Also, if you're trying to get the toddler to stop playing and move on to something new, it helps to give them a warning. "We're going to play for 2 more minutes, and then we're going to clean up and go upstairs for bathtime."

And specifically for cleaning up, go on YouTube and look up the "clean up song". It helps me get my daughter motivated to help me pick up her toys.

With these tricks, I get most of the "no!" answers when she's overtired... and there's not much you can do about that except make sure they get a nap on time!

Margaret - posted on 05/19/2010

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Its just a phase of their learning. my daughter does the same and so did her older sister. they say no even if they mean yes so dont punnish her, just encourage her to say yes, it is just a phase and will pass

Amy - posted on 05/19/2010

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Oh, and there are some offenses that our kids get no warnings for. These are things that I find they shouldn't need reminding about. For example, if I see one of the kids hit the other one, whoever hit goes into time out immediately. No warning, no talking about it, just into time out.

Amy - posted on 05/19/2010

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19 month olds do understand time-outs. If you express disapproval and then put them in a corner or someplace that has no toys, etc, they will understand that what they just did was unacceptable. We usually do 2 warnings as well, and if they don't respond by then, it's into time out. A good rule of thumb for time outs is 1 minute for each year of life, and it has to be immediately after the offense for them to understand the cause/affect relationship. I've also found that reminding kids what the consequence will be if they don't mind is a good deterrent to bad behavior.

Rachel - posted on 05/16/2010

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We've tried stop with ours and she just looks at us and keeps on doing what she does, so we give her 2 warnings then a pop on the rear and take her away from it. It works for us and she doesn't hit us at all.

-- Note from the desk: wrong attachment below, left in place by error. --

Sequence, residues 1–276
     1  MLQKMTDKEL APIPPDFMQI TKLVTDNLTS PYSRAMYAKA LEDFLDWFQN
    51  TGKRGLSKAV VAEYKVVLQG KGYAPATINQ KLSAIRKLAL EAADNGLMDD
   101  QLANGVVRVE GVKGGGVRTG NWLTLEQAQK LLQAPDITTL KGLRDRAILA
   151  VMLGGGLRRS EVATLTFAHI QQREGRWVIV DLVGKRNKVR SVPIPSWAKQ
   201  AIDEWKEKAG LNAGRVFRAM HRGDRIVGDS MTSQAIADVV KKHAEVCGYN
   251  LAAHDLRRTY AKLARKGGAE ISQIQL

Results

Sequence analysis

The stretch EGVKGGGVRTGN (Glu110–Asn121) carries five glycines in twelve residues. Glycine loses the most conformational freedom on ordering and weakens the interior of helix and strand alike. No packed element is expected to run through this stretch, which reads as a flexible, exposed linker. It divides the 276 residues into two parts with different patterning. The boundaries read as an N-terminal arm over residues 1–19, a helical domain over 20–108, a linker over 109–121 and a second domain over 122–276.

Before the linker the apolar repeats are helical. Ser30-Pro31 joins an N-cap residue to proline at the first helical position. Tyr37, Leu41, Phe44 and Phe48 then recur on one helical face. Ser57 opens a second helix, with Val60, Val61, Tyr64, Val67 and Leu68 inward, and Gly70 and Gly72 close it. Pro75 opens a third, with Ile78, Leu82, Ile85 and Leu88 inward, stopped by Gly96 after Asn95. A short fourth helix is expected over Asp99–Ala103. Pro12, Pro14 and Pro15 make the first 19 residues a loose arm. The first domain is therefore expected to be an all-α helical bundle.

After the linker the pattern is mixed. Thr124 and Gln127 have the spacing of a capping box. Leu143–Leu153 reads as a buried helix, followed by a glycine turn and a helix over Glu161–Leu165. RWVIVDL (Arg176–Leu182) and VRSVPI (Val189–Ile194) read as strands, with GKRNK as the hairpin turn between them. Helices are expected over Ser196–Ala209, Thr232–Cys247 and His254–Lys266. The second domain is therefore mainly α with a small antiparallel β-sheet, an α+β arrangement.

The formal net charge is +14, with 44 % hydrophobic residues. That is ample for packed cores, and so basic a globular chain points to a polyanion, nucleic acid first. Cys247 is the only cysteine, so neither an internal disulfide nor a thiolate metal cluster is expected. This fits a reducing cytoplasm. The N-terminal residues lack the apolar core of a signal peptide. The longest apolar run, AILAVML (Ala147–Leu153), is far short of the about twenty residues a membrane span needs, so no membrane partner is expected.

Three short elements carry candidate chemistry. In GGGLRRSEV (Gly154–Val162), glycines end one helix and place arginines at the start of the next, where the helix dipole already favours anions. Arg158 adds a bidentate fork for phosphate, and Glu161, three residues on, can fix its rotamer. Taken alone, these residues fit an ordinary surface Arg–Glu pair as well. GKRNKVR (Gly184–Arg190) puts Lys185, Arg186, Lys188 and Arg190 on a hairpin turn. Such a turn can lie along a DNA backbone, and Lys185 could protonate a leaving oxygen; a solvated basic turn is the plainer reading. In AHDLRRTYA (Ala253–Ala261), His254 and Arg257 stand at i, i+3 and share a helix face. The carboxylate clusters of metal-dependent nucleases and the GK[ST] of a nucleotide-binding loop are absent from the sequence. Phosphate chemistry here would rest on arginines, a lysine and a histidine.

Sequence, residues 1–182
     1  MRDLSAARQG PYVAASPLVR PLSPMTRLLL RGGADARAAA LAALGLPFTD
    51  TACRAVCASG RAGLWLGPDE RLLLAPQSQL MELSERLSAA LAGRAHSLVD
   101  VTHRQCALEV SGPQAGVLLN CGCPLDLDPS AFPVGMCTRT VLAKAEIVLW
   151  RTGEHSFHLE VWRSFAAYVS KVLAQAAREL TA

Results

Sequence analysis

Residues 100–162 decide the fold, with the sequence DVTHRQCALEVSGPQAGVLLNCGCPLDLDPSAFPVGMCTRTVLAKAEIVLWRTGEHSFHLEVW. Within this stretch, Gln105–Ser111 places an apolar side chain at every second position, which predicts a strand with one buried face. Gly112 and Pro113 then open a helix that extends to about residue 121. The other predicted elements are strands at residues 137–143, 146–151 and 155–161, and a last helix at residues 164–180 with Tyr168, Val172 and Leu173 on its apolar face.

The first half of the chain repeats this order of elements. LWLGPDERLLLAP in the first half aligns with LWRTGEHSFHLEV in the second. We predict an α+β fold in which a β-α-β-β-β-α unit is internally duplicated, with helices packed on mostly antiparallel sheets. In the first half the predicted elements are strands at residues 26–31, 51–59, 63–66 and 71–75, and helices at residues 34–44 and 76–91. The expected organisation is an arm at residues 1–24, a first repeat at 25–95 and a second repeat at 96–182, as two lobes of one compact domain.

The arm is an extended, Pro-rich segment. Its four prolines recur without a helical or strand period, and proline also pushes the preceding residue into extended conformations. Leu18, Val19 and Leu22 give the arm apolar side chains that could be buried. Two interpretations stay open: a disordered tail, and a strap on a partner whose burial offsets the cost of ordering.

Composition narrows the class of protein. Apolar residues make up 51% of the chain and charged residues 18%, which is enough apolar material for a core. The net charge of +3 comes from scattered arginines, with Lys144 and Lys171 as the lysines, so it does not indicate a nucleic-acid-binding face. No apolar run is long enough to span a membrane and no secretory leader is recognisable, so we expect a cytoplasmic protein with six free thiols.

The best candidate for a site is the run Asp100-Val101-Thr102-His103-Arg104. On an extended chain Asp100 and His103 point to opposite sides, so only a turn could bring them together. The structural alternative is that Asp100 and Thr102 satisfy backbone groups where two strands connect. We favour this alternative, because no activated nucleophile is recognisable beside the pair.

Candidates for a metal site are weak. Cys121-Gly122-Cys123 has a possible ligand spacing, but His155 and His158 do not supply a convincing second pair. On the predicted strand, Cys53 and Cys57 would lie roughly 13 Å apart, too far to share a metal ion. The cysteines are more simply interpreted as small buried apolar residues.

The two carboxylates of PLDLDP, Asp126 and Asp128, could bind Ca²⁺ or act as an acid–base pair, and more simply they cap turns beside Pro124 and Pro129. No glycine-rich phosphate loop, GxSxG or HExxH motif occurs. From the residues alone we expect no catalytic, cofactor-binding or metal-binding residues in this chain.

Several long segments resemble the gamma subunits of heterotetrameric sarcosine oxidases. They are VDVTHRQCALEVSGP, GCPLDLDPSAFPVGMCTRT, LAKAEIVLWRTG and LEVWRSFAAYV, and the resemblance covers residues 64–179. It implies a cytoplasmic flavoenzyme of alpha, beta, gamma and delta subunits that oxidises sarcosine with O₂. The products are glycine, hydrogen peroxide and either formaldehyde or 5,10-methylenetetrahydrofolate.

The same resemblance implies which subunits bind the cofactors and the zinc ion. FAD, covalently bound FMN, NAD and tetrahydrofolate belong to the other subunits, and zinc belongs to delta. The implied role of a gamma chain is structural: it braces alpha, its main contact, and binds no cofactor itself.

Nerissa - posted on 05/16/2010

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I have found that sometimes our lovely little angels think that it is a game, and if you want an instant stop to this game reply 'why not?'. The famous 'n' word is a no-no in our house, we use 'stop' instead. I gets her attention fast, and she uses it on other kids at daycare, instead of hitting - hopefully.

Rachel - posted on 05/15/2010

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I've never told my little girl "no" I usually use a verbal noise like "ahht" or "I don't think so little miss". It usually works, but if the 1st two time that she doesn't listen I do pop her on the rear and take either what she's getting in to away or I take her away from the thing swe wants. Also it helps if your helping her pick up her toys, show her that a clean room is a happy room. Suggest to her that maybe she should pick up her toys for either a reward/treat or if that doesn't work try this; if she has a favorite story tell her she has to wait till her toys are picked up for you to read it to her. Those are my suggestions it's worked with my 4 yr old and now it's doing wonders with my 15 month old. I've been told by other moms she very well rounded for her age. Hope this helps!! Good Luck